Before arriving in Phnom Penh we had booked accomodation in the city for six nights. However we cut this down to four nights after our first three there, deciding that we had seemingly seen most of cities attractions too quickly. But this isn’t at all to say that attractions that we did see there weren’t worth the journey, because quite contrarily they were deeply moving, very educational and extremely eye-opening.. Our days were not at all wasted in Phnom Penh. We simply thought that we would better be able to see the country if we didn’t waste time in moving on (especially on a budget which is quickly running out) …
So here is what we saw during our brief stay..
We started with a trip to ‘The Central Markets’ – a large,permanent, indoor market place which is packed with electronics, jewellery and clothing.
.. And we realised almost immediately that it wasn’t our kind of scene. And I really am unsure if it was just too westernised, or if it was too commercial, or maybe it just wasn’t the right collection of goods – we prefer arts, small nick knacks and handicrafts to electronic speakers, silver pendants and tartan shirts.. But what ever it was that didn’t quite sit with us.. It caused us to walk uninterestedly through the crowded space for only a few minutes before forfeiting the trip for some breakfast (maybe it was the fact that what we really wanted was some breakfast…).
And we found a quiet little Indian restaurant just across the road, where we ate Indian breads and a light curry, and chatted briefly with the owner about vegetarianism and our travels. He was so lovely. And, he was so excitable that he even took a photo of us to add to his Trip Advisor profile.
Then, after we had refueled, we decided to do some real exploring, and we ditched the mall-like Central Markets for the Genocide Museum. Which was a huge change of itinerary…
But this place was amazing. In the most shocking kind of way.. and it was only the first eye opening experience we underwent in Phnom Penh, but it was none the less the one which sparked a lot of interest and raised a lot of questions for us both.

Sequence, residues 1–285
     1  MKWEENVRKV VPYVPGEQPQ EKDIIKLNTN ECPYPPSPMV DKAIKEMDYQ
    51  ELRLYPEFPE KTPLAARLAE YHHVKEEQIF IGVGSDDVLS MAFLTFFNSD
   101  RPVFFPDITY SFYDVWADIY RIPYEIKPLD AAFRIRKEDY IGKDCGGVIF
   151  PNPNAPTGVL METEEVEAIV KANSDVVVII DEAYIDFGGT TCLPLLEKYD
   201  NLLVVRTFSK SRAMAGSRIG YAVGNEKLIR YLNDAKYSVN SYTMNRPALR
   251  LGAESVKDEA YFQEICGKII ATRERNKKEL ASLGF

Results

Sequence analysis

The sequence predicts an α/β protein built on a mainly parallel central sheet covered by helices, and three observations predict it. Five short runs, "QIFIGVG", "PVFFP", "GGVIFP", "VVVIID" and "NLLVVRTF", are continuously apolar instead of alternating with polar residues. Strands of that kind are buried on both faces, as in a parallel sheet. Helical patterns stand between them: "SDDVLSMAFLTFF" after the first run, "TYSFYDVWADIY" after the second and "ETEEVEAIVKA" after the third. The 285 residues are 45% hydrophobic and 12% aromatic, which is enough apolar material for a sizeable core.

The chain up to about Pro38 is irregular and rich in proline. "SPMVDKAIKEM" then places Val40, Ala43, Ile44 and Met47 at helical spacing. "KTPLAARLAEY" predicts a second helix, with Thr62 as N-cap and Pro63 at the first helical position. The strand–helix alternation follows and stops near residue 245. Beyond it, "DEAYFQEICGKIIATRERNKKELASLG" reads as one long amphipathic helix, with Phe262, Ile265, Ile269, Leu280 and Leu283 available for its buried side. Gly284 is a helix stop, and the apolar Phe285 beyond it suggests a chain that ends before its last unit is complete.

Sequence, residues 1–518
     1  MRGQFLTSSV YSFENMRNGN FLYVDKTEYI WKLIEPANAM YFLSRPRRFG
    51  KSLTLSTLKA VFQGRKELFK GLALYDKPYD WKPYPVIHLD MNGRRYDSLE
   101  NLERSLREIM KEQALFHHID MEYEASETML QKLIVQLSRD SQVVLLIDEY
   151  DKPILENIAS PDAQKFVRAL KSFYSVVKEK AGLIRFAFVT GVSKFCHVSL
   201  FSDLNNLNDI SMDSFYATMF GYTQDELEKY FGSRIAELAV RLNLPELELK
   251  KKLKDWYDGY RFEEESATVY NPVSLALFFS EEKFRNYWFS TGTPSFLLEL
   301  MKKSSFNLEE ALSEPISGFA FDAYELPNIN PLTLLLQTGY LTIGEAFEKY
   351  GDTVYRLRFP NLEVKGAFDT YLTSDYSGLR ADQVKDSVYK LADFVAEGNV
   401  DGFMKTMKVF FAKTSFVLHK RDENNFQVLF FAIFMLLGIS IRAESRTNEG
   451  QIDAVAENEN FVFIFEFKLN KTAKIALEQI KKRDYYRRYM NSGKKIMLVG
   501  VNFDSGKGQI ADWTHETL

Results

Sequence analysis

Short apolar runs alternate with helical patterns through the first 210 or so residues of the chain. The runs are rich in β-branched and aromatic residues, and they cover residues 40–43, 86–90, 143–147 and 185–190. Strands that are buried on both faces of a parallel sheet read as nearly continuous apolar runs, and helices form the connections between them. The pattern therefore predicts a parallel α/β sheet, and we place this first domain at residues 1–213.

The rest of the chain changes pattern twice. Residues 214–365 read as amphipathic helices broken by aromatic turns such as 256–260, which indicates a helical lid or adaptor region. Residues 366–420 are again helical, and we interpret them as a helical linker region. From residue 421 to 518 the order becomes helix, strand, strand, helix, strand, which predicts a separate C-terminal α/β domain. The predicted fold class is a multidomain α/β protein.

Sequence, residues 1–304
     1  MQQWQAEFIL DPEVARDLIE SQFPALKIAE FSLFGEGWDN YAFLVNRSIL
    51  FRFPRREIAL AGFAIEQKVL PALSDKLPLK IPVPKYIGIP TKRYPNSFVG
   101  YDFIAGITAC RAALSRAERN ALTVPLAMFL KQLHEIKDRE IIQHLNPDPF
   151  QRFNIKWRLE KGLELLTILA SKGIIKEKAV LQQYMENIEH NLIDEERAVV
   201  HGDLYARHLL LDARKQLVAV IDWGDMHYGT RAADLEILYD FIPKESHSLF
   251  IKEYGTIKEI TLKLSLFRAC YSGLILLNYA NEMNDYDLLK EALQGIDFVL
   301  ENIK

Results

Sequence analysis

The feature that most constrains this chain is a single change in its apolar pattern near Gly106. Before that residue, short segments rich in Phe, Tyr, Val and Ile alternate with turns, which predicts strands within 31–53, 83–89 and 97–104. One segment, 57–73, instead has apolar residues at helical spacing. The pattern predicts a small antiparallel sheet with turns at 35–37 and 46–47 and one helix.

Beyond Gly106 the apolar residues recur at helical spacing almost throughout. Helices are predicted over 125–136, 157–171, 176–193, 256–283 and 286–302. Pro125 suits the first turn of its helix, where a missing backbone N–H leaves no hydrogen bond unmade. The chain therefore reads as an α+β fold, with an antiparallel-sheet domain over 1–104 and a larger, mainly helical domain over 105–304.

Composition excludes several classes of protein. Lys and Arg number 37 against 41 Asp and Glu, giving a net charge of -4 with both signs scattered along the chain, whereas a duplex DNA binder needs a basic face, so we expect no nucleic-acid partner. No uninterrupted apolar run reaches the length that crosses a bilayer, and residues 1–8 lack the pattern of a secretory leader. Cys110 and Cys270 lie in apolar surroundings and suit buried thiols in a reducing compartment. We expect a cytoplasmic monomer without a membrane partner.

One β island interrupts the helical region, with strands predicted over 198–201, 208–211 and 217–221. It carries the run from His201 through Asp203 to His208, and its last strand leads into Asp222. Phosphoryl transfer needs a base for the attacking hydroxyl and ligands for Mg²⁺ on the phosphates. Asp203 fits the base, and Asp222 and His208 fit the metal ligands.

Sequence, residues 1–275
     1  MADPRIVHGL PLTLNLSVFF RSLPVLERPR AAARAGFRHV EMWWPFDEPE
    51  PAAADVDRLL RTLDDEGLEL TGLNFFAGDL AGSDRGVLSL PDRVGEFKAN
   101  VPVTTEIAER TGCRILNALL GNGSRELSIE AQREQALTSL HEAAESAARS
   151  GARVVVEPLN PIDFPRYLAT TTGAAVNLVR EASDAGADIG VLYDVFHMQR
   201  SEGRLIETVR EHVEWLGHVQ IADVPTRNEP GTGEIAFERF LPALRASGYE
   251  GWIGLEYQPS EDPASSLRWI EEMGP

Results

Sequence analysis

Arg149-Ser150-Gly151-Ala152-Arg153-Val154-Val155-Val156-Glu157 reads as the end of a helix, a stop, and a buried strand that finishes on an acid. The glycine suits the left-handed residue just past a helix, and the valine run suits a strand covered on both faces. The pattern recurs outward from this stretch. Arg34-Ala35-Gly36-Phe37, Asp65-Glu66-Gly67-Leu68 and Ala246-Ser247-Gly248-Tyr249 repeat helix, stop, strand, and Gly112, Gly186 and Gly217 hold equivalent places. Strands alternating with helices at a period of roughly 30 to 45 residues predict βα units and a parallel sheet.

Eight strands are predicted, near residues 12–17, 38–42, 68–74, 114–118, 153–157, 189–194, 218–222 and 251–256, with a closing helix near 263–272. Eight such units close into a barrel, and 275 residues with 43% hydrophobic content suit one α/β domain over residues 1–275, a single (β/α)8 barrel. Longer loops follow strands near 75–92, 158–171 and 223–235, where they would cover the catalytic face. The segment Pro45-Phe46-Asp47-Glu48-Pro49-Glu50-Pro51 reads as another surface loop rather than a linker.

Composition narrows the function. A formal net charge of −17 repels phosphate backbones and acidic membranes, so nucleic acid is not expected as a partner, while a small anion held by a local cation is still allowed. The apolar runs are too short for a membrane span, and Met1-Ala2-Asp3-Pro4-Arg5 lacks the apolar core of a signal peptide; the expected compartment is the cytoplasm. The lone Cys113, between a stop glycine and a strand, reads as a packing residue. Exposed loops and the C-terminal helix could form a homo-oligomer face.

This museum was set up inside of the remains of the notorious S-21 prison (a former school before the take over of the Khmer Rouge, lead by Pol Pot, in 1975). You could walk through all of the old classrooms, which were converted into cells and torture chambers under the reign of Pol Pot, and read about the absolute atrocities that took place there. And the detail was extremely vivid. Stories from survivors of the regime (who lived outside of the prison) were there on the walls – describing the hardships of life as labourers, working long days without rest or food, pulling up rice for an entire nation in which everyone was going hungry.. Among these was the story of one of the five children who was actually found alive inside the prison when it was eventually disbanded by Vietnamese soldiers in 1979 – A story of innocent incomprehension, and of horrors seen.. The shabby wooden doors and brick walls that had been put up within some of the class rooms to divide prisoners were still in place.. As were some of the wire bed frames and iron shackles that were used to torture many thousands of innocent people there… Further, graphic paintings lined the walls – outlining torture methods that were used by guards to extract confessions from prisoners (many of which were untrue, but claimed in desperation as an attempt to halt their punishments). The entry photographs required of every prisoner incarcerated in the S-21 prison were there on display too, so you could literally look into the eyes of the thousands who died in this cruel place.. And there were even photographs of the last tortured bodies that were found, rotting, within the cells, when the Vietnamese unseated Pol Pot and opened the prison in ’79 – they were malnourished, bloodied and deformed, and there on display…